Ikigai Innovation Initiative Contributes its Quota to the Lagos State Data Protection Bill 2021
On Wednesday, 17 November 2021, our Tojola Yusuf and Oyin Banjoko attended the Lagos state Data Protection Bill public hearing held at the Lagos State House of Assembly.
It is the first attempt by a state government to legislate on data protection in Nigeria. The Bill will apply to the processing of personal data through automated or non-automated means by a controller or processor established in Lagos or not, processing the data of data subjects in Lagos State. It includes carrying out “processing activities through an office, branch or agency in the State”. The Bill contains provisions relating to principles of data protection, lawful bases for processing, rights of a data subject, obligations of data controllers and processors, establishment of a Commission, creation of exemptions and other provisions. It further stipulates sanctions for contravention of its provisions. While the Bill represents a milestone for the State, it raises a number of issues that we have included in our recommendations.
At the public hearing, we presented our observations and recommendations before the House, which are contained in the memorandum we submitted to the House Committee on Science and Technology.
Some of our recommendations to the House include:
> Removal of the registration requirement for data controllers and processors;
> Removal of the fee required for the exercise of the right of access;
> Inclusion of the rights to erasure, portability, restriction of processing, object and the right not to be subject to automated decision making in the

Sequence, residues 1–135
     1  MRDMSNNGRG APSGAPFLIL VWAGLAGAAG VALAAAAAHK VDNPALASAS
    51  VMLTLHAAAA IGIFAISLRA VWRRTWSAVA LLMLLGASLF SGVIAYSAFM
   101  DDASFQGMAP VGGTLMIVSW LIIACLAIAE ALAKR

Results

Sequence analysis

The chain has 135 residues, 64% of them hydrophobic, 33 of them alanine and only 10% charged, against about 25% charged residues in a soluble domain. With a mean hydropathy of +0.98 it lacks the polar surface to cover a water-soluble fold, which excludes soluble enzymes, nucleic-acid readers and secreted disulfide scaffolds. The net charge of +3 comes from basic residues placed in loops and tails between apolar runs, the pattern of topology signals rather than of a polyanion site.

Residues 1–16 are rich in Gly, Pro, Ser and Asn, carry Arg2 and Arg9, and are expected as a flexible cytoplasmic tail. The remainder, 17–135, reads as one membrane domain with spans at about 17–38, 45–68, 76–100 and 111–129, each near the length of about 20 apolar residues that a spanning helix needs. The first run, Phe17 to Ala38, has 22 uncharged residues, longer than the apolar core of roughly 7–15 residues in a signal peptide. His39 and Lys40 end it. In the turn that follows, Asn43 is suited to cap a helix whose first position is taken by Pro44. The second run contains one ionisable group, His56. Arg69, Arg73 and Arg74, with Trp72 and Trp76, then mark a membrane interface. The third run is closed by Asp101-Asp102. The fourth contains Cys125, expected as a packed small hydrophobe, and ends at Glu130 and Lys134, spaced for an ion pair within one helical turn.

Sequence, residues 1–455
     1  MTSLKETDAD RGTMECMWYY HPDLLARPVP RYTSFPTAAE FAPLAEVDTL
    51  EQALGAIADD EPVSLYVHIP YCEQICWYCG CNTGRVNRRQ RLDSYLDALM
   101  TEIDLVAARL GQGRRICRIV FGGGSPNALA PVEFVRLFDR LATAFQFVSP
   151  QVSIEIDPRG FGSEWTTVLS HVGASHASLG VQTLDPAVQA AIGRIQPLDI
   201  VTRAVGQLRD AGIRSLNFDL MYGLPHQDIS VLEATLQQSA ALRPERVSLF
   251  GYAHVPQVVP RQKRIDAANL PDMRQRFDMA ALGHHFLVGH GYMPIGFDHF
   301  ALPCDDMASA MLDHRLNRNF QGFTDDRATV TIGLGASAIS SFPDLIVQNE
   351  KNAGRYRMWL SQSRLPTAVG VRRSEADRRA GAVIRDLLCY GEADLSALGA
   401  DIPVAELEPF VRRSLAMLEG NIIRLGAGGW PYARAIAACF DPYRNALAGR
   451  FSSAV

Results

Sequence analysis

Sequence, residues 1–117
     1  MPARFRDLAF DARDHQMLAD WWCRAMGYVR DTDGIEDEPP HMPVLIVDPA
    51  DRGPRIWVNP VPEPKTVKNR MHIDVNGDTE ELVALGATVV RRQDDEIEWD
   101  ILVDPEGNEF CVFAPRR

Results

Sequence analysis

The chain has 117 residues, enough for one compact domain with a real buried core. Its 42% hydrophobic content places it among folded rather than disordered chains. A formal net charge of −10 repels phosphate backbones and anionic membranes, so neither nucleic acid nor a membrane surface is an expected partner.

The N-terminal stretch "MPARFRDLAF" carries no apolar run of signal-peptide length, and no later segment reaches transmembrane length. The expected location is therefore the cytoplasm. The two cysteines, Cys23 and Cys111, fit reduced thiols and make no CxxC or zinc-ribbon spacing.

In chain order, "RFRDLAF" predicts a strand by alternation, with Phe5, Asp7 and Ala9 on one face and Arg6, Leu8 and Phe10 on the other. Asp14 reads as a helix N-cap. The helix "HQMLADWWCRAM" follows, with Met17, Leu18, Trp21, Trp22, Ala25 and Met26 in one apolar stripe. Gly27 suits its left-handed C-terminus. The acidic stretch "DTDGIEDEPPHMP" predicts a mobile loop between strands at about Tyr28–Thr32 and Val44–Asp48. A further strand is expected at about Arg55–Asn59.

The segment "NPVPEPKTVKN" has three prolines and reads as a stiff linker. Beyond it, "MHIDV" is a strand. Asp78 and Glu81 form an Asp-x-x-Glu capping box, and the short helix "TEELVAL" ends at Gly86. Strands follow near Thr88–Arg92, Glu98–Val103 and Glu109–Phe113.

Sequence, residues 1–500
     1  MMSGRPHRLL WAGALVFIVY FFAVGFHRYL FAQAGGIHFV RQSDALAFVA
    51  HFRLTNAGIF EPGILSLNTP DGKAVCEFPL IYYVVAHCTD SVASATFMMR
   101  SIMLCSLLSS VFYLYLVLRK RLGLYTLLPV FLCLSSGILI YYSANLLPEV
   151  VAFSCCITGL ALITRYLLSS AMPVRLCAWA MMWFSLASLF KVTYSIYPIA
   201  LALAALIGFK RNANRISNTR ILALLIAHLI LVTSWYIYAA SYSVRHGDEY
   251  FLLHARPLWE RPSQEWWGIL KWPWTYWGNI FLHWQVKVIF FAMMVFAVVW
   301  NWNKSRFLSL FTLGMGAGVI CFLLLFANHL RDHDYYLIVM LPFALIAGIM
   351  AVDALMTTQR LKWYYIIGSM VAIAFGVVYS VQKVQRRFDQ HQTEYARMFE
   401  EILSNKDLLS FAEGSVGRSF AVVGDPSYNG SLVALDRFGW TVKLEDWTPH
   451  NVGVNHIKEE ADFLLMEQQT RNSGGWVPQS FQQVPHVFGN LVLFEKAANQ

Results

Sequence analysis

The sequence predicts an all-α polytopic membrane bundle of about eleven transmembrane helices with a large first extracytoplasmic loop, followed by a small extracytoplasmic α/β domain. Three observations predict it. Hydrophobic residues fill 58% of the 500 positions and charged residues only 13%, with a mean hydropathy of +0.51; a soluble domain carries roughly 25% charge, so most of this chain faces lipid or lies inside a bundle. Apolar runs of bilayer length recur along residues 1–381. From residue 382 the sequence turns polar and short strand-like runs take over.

rights available to data subjects;
> Inclusion of the principle of accountability and its obligations;
> Inclusion of the domicile of the data subjects in the territorial applicability of the Bill;
> Exclusion of the Commissioner for Science and Technology in the membership of the Data Protection Commission’s Board, The Commissioner being a
member of the executive will affect the independence of the Commission;
> Inclusion of ‘legitimate interest’ as a lawful basis for processing personal data;
> The need for data controllers to inform data subjects of a data breach without the Commission’s prompt;
> Removal of the requirement to regulate international transfer of personal data;
> Inclusion of the definition of a child in the Bill; and
> Removal of the requirement to register names of data subjects during the registration of data controllers and processors.
For more information, download our memorandum here.